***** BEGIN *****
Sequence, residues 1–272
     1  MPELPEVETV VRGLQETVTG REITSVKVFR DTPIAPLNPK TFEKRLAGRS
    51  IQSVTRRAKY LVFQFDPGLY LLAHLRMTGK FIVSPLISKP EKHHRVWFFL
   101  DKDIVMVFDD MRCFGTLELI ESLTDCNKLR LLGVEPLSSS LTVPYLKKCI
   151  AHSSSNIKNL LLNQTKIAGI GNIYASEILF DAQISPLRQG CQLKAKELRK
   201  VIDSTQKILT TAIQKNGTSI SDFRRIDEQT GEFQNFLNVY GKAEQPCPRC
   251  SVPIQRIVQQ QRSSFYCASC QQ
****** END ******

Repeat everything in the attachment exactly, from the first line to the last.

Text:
Sequence, residues 1–272
     1  MPELPEVETV VRGLQETVTG REITSVKVFR DTPIAPLNPK TFEKRLAGRS
    51  IQSVTRRAKY LVFQFDPGLY LLAHLRMTGK FIVSPLISKP EKHHRVWFFL
   101  DKDIVMVFDD MRCFGTLELI ESLTDCNKLR LLGVEPLSSS LTVPYLKKCI
   151  AHSSSNIKNL LLNQTKIAGI GNIYASEILF DAQISPLRQG CQLKAKELRK
   201  VIDSTQKILT TAIQKNGTSI SDFRRIDEQT GEFQNFLNVY GKAEQPCPRC
   251  SVPIQRIVQQ QRSSFYCASC QQ